Business E-mail Compromise (BEC), commonly known as “CEO fraud,” is a rapidly increasing concern affecting companies’ financial and data security today.
What exactly is BEC? It has been defined as a scam that targets businesses working with foreign suppliers and/or businesses that regularly use wire transfer payments. Scammers skillfully gain access to and impersonate company executives, attorneys, or suppliers through e-mails to fraudulently authorize the transfer of company funds. Payments are then wire transferred from their victims to foreign banks where they are quickly dispersed to the scamming party.
With so many businesses being affected, including The Scoular Co., one of Omaha’s largest companies, it is important to educate yourself and your employees about BEC.
According to the Internet Crime Complaint Center (IC3) there have been 14,602 victim complaints of BEC in the U.S alone from October 2013 to May 2016. This has totaled to $960,708,616 worth of loss for U.S businesses.
The above link leads to a site containing articles that analyze how real companies fell victim to BEC scandals.
The IC3 has found that there are several commonalities that the victimized companies share in their BEC complaints. These characteristics include the following:
• Fraudulent e-mails look nearly identical to an actual e-mail request
• Hackers often accessed personal e-mail accounts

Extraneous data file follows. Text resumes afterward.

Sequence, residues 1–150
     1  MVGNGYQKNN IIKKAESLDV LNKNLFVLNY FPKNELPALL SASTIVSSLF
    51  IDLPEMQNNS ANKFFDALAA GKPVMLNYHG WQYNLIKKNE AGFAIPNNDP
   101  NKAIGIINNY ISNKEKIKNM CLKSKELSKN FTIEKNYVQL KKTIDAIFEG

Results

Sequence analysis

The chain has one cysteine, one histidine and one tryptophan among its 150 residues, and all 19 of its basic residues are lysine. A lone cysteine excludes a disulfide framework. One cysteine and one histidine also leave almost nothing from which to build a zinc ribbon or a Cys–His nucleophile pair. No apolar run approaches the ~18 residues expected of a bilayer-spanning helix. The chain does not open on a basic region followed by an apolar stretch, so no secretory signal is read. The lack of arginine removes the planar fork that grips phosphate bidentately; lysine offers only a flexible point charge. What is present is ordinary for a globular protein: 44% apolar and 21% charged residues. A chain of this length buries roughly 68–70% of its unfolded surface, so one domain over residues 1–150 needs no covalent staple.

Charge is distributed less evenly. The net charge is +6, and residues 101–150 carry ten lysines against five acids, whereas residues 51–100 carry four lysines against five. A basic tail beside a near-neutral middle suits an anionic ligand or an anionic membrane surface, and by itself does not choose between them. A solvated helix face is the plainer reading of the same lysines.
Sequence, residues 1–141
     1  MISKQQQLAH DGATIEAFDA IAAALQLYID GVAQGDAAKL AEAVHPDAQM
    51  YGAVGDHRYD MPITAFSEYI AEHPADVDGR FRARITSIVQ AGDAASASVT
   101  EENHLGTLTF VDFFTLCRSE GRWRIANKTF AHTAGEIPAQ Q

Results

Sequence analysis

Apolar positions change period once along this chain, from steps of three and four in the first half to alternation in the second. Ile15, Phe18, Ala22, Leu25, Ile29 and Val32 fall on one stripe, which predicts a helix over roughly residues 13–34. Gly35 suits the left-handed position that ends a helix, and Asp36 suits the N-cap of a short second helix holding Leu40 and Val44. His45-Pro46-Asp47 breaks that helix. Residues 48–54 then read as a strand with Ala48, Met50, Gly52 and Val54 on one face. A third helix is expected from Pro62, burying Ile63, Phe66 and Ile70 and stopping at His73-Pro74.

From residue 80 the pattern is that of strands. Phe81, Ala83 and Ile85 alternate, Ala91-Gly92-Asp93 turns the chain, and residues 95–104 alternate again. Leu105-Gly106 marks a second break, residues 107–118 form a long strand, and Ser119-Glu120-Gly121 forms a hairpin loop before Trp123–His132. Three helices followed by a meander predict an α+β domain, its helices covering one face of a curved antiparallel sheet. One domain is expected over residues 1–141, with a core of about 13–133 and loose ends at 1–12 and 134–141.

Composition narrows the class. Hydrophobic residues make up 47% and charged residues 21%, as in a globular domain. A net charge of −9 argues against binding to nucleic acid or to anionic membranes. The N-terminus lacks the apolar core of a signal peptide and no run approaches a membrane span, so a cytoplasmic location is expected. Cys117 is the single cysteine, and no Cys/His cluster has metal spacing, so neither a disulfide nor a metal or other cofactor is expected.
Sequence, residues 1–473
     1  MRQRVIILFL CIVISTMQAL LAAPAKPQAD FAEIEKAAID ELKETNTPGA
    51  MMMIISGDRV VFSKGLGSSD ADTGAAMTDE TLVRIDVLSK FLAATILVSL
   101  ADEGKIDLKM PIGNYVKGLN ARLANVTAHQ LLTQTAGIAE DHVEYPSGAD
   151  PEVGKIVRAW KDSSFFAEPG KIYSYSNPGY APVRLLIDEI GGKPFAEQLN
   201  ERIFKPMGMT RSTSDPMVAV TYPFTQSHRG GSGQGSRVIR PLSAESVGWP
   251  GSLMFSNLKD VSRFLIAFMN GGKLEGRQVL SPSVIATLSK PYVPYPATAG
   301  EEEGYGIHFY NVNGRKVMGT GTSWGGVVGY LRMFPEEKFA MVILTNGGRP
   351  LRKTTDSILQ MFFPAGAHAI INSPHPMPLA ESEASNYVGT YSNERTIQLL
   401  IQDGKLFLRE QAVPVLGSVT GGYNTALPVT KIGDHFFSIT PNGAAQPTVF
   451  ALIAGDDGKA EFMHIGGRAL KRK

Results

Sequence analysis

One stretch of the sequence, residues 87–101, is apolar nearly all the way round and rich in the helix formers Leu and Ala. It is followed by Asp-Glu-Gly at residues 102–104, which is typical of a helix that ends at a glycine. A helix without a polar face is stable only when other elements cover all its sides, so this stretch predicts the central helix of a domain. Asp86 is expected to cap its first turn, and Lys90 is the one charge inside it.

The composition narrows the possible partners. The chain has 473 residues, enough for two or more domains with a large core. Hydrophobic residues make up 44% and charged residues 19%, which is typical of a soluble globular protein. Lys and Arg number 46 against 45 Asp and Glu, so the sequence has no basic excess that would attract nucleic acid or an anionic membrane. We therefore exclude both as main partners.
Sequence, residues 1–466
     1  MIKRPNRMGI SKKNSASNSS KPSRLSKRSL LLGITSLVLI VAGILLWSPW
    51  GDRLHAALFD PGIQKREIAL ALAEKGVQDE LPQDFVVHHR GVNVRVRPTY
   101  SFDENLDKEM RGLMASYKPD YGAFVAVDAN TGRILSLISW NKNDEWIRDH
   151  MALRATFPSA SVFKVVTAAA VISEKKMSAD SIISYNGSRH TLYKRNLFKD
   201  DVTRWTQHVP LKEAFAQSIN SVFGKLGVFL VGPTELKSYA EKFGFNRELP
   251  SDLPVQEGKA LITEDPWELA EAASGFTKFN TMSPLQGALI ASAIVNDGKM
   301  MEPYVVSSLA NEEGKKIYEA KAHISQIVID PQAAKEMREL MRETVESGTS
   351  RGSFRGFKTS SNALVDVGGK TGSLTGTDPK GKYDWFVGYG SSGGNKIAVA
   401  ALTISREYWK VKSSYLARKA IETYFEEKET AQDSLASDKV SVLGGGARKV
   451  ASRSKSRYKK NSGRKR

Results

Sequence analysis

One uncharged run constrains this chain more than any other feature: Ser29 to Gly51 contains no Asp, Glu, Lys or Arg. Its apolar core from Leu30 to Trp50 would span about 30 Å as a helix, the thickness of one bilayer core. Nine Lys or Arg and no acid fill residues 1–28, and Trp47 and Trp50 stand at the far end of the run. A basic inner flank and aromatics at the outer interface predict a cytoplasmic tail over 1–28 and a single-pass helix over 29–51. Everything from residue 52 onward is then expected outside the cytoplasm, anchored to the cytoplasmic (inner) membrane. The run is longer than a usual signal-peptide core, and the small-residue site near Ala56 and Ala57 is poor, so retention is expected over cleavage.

• Employees responsible for making wire transfers were targeted
• Fraudulent e-mails were “well-worded, specific to the business being victimized, and do not raise suspicions to the legitimacy of the request”
How to protect your business?
Knowing how often this offense occurs and how much companies stand to lose, what are some ways you can begin to effectively protect your business? Here is a short list of things you and your company can do to lower your risk of being compromised.
• Consider utilizing a two factor authentication to access employee e-mail accounts
• Educate staff on the risk of being hacked
• Recognize your customer’s usual habits to ward off any unusual behavior
• Verify larger transactions through another form of communication, like a phone call
• Understand the importance of being suspicious of desires for rapid or undisclosed transfers
What to do if you are victimized?
If your company ever has the misfortune of becoming a victim of BEC, four actions should be taken swiftly.
1. Contact your financial institution. They may be able to discover where the fraudulent transfer was sent.
2. Your local Federal Bureau of Investigation (FBI) office should be contacted next to possibly help return or freeze the transferred amount.
3. A complaint should be filed with the IC3 at the link below. These complaints are filed into a database that can help to identify the attacker and also recognize trends used to educate companies about the existing threats to online security.
4. Finally, use this attack as a teaching and learning experience to educate employees. Raising awareness can help prevent future e-mail related cyberattacks.